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Title: Contentious politics and the making of Egyptian public spaces
Author: El-Kouedi, Mona
Awarding Body: King's College London (University of London)
Current Institution: King's College London (University of London)
Date of Award: 2013
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My research project is on the political contestations over the making of Egyptian public spaces. It aims at understanding the process through which political actors define and re-define public spaces, particularly in contentious moments, and how public spaces constitute political identities and influence their political choices. Through making use of the Egyptian case study, I identified three different patterns of constituting public spaces: monopolisation, marketisation and securitisation. In my research, I will illustrate these three patterns while highlighting their spatial manifestations in particular episodes of contention. I will investigate the process through which the Egyptian ruling regime and other oppositional groups constitute, contest, define and re-define public spaces during episodes of contention in order to legitimise their political claims. The research answers the questions: How are public spaces constituted, defined and re-defined in contentious events? How and when do they become contested sites between the ruling regime (al nizarri) and various opposition groups? How could these different opposition groups manage to mobilise public spaces, altering them from spaces of everyday life, into sites of political activism? How are public spaces implicated in constituting political subjectivities? How do discourses in the public sphere impact on the constitution of public spaces as contested locations? In my thesis, I aim at developing a new approach to understand the notion of the public space. Instead of searching for a new overarching definition of the public space, I stress that it is more important to investigate the process through which public spaces are constituted, negotiated and contested. In doing so, my research challenges dominant definitions that take the notion of the public space for granted and defines it as the space that is open and accessible to everyone. I argue that political actors engage in a process of defining.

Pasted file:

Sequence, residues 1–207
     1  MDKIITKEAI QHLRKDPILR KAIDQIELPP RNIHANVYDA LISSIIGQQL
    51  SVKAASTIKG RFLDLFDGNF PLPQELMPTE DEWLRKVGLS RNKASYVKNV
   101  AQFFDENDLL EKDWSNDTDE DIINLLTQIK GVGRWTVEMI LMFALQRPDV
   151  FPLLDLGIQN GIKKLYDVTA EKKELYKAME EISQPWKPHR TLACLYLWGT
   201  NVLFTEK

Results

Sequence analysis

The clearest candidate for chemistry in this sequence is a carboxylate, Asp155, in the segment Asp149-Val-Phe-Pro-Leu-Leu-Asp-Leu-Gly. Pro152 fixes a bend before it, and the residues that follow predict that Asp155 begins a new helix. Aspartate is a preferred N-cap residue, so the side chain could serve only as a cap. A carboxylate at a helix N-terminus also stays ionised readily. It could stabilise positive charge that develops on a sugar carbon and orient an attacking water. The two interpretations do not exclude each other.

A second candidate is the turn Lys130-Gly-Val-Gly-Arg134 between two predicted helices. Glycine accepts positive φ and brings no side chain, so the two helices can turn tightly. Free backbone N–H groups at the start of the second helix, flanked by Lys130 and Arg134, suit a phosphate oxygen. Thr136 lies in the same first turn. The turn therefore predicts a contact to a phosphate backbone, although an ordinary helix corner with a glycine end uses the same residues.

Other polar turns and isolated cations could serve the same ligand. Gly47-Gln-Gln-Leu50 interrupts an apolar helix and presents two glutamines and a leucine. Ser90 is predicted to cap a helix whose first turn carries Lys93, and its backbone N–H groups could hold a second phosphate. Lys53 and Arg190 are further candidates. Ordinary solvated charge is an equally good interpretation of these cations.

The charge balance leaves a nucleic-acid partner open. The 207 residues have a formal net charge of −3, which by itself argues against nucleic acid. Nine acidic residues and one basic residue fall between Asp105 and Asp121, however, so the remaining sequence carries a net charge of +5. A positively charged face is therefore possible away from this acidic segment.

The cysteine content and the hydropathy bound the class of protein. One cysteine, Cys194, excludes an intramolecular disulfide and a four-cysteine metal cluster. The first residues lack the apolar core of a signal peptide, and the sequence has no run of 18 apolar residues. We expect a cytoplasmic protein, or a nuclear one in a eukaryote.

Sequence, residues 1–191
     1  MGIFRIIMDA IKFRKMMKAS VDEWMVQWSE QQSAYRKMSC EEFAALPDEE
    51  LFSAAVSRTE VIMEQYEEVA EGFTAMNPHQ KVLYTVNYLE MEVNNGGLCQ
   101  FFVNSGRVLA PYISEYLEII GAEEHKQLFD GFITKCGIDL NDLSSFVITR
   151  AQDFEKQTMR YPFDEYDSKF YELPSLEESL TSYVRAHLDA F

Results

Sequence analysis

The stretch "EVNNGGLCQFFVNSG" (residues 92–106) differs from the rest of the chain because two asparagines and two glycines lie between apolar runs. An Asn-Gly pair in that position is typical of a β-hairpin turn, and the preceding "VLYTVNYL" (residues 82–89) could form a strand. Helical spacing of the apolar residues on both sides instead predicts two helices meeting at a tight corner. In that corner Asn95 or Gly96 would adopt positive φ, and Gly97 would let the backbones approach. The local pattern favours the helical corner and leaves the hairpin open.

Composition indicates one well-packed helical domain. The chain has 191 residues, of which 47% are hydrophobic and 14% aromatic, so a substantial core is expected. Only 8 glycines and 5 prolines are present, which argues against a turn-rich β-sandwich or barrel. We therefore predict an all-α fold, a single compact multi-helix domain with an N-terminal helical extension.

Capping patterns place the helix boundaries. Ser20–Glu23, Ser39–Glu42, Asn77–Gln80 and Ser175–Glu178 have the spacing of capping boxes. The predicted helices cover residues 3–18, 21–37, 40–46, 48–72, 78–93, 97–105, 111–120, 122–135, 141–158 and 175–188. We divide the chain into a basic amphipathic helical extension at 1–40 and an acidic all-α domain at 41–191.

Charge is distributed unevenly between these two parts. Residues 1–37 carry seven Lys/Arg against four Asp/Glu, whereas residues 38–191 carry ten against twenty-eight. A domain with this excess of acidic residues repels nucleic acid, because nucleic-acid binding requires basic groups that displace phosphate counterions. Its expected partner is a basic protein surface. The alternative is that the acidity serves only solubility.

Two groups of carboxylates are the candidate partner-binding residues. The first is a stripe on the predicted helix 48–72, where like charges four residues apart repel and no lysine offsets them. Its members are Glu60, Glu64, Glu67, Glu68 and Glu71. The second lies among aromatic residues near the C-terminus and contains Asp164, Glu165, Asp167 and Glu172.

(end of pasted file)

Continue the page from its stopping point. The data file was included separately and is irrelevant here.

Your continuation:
Supervisor: Not available Sponsor: Not available
Qualification Name: Thesis (Ph.D.) Qualification Level: Doctoral
EThOS ID:  DOI: Not available